The Liberal party is on track to win a historic third term in Tasmania, with votes continuing to count, indicating that the government is likely to be bounced back.
With more than half the votes counted, the Liberals are expected to win at least 12 seats, less than a majority in the state’s 25-member lower house.
Labor leader Rebecca White said she called Peter Gutwein and officially admitted defeat.
“All over the country we have seen incumbent governments rewarded for their management of COVID-19 and there is no doubt that Peter Gutwein and our public health officials kept our community safe and tonight’s outcome reflects that.”
She said Labor would continue to advocate for policies to improve infrastructure and health services.
“Tasmanians will not continue to tolerate endless infrastructure policies that have never been adhered to. Just because we fell short doesn’t mean we will stop fighting to make Tasmania a better and fairer place.”
Prime Minister Peter Gutwein has vowed to quit if unable to secure a majority, meaning another liberal could lead Tasmania if the government fails to secure the 13th seat.
Election analyst Antony Green predicted victory for the liberals.
“After these elections, there will be a liberal government. Whether it is Peter Gutwein in charge and whether it is the majority or minority liberal government,” he told ABC TV on Saturday.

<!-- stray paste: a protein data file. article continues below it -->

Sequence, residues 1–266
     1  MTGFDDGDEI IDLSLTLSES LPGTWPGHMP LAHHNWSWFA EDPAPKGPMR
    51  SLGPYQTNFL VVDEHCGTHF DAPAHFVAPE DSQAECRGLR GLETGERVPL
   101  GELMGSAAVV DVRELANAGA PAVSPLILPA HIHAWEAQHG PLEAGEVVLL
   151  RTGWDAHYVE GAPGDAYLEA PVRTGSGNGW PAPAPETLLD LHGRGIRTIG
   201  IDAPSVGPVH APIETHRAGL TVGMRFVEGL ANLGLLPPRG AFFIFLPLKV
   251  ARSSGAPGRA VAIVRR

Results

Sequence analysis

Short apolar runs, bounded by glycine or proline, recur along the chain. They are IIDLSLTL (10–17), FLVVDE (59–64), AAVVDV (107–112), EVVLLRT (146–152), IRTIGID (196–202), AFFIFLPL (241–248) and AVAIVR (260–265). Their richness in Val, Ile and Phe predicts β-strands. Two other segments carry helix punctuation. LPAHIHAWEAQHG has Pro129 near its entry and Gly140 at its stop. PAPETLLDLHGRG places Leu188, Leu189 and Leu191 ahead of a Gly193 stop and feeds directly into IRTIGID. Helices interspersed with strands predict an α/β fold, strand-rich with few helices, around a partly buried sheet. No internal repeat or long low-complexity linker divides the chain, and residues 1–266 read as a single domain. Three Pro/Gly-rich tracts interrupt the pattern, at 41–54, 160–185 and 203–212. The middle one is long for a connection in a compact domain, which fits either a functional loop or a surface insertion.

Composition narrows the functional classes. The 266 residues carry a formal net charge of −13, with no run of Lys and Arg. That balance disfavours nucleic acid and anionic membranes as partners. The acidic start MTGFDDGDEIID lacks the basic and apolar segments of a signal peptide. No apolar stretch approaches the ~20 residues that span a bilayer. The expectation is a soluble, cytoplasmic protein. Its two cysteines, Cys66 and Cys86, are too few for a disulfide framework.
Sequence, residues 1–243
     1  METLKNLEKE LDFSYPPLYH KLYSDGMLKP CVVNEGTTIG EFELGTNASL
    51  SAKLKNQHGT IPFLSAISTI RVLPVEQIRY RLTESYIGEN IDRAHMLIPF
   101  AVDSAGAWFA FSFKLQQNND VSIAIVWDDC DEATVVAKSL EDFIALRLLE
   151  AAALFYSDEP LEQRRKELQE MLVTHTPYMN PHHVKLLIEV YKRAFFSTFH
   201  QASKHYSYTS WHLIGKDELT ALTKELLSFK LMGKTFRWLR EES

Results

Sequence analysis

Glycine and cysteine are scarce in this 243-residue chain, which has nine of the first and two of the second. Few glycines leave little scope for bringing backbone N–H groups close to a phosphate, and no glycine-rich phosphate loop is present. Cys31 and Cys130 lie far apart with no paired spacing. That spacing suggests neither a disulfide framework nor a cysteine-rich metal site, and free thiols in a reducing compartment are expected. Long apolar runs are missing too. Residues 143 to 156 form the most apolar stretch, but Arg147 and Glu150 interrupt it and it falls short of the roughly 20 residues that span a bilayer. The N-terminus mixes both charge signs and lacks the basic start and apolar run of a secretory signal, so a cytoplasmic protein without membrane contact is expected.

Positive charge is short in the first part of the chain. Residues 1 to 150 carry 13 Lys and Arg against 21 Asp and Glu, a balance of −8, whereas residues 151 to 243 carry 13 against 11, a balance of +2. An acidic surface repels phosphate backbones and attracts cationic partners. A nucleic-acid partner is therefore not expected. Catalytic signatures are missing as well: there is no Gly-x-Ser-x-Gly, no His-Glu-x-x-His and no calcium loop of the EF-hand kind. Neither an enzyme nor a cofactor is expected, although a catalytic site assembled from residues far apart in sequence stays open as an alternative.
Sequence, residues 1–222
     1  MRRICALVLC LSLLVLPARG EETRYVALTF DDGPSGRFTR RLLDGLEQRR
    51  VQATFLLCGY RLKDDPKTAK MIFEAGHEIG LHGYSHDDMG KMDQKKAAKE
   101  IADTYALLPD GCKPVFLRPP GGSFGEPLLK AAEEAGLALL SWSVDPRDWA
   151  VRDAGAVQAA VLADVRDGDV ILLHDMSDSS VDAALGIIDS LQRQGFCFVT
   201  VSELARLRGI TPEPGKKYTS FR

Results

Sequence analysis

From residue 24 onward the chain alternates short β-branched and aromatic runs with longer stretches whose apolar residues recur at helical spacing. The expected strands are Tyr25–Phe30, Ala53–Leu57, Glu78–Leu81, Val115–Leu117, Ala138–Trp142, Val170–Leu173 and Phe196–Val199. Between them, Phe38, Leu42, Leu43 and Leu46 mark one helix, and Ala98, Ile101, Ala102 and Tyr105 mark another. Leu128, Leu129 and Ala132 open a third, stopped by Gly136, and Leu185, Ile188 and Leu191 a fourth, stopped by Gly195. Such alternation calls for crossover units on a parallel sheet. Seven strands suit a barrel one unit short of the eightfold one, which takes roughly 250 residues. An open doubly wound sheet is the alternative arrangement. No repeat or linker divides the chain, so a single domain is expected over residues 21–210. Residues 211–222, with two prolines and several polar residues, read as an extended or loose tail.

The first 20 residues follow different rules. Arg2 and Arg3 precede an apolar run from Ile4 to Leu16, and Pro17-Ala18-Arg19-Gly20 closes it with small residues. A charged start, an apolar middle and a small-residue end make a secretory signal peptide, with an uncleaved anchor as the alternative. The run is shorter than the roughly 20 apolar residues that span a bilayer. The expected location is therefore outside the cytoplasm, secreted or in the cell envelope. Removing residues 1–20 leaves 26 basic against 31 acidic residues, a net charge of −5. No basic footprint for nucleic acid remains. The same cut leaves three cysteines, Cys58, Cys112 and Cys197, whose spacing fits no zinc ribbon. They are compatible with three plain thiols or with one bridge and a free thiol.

“But there is no other government in that room.”
Clark’s Hobart voters form the pivotal race with independents Kristie Johnston and Sue Hickey both strong gauge
Overwinning in een van de twee ongetwijfeld Clark-zetels zou de liberalen een meerderheid kunnen opleveren, terwijl onafhankelijk succes zou kunnen leiden tot een koningsmaker.
De heer Gutwein riep de verkiezingen uit nadat mevrouw Hickey de liberalen had verlaten en de regering in een minderheid had gedompeld.
Het ABC roept zes zetels op voor Labour en twee voor de Groenen, terwijl er nog vijf twijfelen.
The Greens took a healthy punch to ensure that leader Cassy O’Connor and colleague Rosalie Woodruff will be re-elected.
There are 392,000 registered voters in Tasmania, and more than 105,000 pre-poll or post votes have been cast.
Tasmania’s election commissioner Andrew Hawkey told AAP it was unclear whether an explosion in pre-poll votes would allow a result to be determined Saturday night.
Independent upper house MP Meg Webb said the major parties’ refusal to maintain a minority government was a slap in the face of the Tasmanian people.
“It’s worse than turning their backs, it’s actually childish,” she told Sky News.
“It’s a tantrum approach to democracy.”